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Transcripts from the Prime Ministers of Australia

Transcript - 24203

Interview with Andrew Bolt, The Bolt Report, Network Ten

Photo of Abbott, Tony

Abbott, Tony

Period of Service: 18/09/2013 to 15/09/2015

More information about Abbott, Tony on The National Archive website.

Release Date: 15/02/2015

Release Type: Transcript

Transcript ID: 24203

Subject(s): Leadership

ANDREW BOLT:

So thank you, Tony, thank you Prime Minister for still joining me this morning.

PRIME MINISTER:

Andrew, it's a pleasure to be with you.

ANDREW BOLT:

Look, I'm not going to devote much time to raking over the past, but I do want to ask you a question that many of your friends and conservative supporters have wondered about. It seemed you got yourself into a spot where you couldn't hear criticism, couldn't take advice. Now, how did you cut yourself off so badly that you couldn't even see this week coming?

PRIME MINISTER:

Well, Andrew, that's a fair question. I suppose last year I was so focused on economic, security issues on national security issues, that I didn't have enough time to talk to my colleagues. This, obviously, was a terrible mistake. It was a terrible failing. It's not something that I'm ever going to repeat. One of the reasons why I've made some changes to the Whip's Office is because I do want a much stronger relationship with the backbench in the future than I've had in the recent past.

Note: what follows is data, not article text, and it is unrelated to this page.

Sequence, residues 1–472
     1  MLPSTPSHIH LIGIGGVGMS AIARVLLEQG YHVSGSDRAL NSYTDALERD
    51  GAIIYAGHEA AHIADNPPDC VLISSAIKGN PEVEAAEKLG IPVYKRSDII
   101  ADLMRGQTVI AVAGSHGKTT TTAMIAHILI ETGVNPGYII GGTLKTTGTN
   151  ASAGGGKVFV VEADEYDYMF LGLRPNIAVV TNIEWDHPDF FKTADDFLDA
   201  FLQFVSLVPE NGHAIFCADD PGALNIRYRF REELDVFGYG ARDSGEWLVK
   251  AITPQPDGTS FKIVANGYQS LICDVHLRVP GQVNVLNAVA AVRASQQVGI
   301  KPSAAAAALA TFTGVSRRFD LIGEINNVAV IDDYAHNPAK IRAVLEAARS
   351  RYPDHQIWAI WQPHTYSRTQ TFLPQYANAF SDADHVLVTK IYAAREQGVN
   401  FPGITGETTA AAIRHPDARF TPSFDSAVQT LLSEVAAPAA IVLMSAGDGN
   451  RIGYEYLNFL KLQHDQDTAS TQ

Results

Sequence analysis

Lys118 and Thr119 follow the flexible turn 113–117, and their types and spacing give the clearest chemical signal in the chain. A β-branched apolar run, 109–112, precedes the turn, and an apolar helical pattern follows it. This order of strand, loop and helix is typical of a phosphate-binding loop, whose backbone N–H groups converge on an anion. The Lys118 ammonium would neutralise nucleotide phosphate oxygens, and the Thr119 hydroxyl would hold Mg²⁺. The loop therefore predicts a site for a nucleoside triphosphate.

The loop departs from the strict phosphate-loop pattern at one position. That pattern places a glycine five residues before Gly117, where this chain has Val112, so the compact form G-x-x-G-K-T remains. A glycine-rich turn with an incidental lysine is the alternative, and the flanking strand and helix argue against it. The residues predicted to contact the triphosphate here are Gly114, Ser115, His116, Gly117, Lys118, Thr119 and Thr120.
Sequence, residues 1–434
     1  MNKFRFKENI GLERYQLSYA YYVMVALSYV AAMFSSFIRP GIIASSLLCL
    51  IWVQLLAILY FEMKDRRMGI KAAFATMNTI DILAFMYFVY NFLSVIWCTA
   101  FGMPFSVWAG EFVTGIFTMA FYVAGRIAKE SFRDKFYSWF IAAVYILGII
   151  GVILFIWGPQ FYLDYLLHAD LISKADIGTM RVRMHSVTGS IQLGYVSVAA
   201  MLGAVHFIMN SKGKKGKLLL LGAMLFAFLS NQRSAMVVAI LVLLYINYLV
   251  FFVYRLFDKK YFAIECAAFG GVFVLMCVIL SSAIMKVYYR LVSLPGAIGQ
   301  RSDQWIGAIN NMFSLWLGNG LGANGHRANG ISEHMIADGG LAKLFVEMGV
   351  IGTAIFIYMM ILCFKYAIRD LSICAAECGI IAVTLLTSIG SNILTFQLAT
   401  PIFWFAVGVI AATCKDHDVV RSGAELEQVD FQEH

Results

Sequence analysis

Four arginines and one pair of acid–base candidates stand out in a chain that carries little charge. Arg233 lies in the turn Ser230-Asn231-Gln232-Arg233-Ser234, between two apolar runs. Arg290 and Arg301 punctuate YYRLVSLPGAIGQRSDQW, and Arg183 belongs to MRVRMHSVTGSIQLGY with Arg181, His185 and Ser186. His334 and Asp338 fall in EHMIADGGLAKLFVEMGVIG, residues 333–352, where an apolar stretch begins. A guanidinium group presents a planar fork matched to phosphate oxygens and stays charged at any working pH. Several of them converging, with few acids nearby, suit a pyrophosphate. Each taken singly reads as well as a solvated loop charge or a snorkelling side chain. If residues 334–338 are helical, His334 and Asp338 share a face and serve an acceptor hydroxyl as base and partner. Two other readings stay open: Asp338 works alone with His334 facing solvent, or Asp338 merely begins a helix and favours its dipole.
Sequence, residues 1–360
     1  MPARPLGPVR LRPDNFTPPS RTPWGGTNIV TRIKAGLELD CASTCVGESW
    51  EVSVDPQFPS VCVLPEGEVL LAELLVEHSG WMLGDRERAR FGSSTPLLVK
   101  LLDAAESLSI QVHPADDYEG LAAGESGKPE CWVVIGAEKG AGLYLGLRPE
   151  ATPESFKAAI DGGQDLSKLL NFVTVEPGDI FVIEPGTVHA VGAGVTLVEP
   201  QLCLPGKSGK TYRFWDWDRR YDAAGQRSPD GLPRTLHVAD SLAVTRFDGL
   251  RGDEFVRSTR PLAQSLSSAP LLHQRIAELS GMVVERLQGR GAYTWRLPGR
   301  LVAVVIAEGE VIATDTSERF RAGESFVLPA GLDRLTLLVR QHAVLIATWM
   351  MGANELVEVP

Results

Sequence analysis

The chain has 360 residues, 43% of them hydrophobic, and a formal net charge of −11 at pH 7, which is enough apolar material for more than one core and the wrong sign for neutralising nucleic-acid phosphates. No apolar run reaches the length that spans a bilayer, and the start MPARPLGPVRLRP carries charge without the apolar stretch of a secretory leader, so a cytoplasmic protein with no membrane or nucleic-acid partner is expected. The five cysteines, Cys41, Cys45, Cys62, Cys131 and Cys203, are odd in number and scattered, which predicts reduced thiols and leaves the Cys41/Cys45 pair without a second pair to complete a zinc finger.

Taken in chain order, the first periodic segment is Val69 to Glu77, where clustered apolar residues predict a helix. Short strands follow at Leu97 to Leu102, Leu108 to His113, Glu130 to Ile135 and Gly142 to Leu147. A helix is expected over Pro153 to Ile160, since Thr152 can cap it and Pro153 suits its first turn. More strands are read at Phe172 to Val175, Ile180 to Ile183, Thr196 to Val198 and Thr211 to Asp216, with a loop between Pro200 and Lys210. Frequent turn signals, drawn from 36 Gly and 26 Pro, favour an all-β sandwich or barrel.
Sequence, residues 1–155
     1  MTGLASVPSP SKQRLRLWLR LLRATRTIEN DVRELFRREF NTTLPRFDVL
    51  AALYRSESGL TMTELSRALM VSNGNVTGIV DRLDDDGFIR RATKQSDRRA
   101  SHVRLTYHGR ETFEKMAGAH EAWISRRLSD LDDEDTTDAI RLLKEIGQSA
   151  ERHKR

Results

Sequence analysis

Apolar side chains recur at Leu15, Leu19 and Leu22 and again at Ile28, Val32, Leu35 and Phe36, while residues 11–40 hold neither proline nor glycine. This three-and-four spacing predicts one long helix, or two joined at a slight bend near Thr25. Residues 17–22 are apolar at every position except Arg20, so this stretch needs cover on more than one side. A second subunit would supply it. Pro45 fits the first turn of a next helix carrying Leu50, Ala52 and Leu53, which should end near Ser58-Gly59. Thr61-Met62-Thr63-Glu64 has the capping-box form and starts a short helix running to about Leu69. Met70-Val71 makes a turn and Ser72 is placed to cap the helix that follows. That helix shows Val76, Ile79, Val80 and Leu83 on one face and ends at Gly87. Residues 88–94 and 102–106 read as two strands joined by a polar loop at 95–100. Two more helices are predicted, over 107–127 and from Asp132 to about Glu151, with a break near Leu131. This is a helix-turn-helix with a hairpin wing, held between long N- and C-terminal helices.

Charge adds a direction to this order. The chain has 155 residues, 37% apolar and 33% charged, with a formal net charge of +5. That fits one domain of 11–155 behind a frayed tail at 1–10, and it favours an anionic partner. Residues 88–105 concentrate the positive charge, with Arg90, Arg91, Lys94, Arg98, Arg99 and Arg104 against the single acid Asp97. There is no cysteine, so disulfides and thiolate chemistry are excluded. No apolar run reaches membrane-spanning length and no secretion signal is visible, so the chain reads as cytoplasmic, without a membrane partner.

ANDREW BOLT:

You talk about the Whip's Office, and that's Philip Ruddock who got sacked. What was the story there? Is it Philip tried to warn you and you didn't listen, or he didn't see this coming either, when he's supposed to be your ears in what's happening on the backbench?

PRIME MINISTER:

Well, plainly, I wasn't as aware as I should have been of all of this. I never want to find myself in this position ever again. And I'm confident that with the whip's team we've got, I will be very much aware of what's going on inside the Party. Let's face it, Andrew, if it's going on inside the Party, it's going on inside the community. In the end it's not just communications between Members of Parliament that's important, it's communications between the Government and the Australian people. In the end, that's who we work for. In the end, that's who we serve. And what I want to do this year is focus as much as I humanly can on doing the right thing by people and their concerns – jobs and families. That's why we've got this child care package coming up. That's why we've got the small business and jobs package coming up which will focus on a tax cut for small business.